Is Kevin Durant one of the best in the NBA? Definitely, seeing as he's the second-best player behind only LeBron James, even if the MVP takes away almost all of the spotlight.
If Rodgers and Durant played in the league at a different time, they'd be properly viewed as once-in-a-generation talents. However, the landscape of current stars keeps them from getting quite as much recognition as they deserve, even if they still get a lot of it.
Plus, they're both commercial junkies.
Versatility is the name of the game for both Paul George and Patrick Peterson.
Trust me, this comparison stems from more than the fact that both of their names start with the letter "P."
George is a Swiss army knife, but he still specializes in defense. LeBron James can attest to that after getting to witness the former Fresno State standout's point-preventing skills firsthand during the Eastern Conference Finals.
But the swingman does more than just play defense. He can drill three-pointers, handle the rock and distribute it among his teammates and slash to the basket to provide interior scoring.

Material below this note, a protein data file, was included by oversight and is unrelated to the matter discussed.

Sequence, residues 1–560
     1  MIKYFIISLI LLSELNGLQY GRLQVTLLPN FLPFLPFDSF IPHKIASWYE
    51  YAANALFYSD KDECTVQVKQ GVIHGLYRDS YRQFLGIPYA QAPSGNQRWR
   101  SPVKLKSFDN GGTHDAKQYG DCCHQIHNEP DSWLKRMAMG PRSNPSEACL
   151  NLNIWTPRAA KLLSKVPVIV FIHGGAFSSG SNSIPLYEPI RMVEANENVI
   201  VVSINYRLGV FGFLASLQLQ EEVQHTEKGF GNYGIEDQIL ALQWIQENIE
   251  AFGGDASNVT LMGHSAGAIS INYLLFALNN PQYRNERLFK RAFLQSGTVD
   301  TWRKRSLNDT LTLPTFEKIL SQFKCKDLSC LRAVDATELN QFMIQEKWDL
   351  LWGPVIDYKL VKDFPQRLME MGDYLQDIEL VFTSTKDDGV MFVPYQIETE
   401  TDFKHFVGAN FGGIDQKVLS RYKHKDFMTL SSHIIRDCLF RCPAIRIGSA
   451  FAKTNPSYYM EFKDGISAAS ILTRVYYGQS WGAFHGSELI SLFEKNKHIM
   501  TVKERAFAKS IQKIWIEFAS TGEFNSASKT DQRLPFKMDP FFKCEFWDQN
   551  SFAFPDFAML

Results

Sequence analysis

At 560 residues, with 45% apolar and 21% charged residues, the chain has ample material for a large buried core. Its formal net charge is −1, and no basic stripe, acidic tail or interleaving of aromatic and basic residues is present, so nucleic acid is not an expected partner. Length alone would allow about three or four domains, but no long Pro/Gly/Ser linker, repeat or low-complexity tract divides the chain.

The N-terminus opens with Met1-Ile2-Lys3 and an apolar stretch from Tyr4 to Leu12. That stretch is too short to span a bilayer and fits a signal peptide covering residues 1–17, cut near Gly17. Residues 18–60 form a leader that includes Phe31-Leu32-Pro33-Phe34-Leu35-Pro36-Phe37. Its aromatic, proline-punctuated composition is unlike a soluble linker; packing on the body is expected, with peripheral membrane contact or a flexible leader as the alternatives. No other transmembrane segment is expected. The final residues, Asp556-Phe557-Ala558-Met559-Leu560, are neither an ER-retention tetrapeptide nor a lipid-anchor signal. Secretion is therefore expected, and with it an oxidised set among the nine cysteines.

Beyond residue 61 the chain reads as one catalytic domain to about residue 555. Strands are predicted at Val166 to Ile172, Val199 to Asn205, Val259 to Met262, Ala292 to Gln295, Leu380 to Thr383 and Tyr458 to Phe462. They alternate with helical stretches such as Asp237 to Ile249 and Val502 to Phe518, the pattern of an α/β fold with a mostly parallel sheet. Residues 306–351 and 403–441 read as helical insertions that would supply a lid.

As for Peterson, he's one of the most versatile players in the NFL, even if he's still a primary cornerback. The young stud for the Arizona Cardinals is also a premier return man, and he's also going to be playing a little bit of wide receiver for Bruce Arians' squad.
If this comparison doesn't immediately make sense to you, then please search for a picture of James Harden and start following the NBA a little more closely.
J.J. Watt is just a physical specimen.
He's a marvelous athlete with plenty of speed and strength, and that devastating combination has allowed him to emerge as the NFL's premier defensive players. Whether he's sacking the quarterback, bringing down a running back behind the line of scrimmage or deflecting an ill-advised pass, he's making a defensive impact.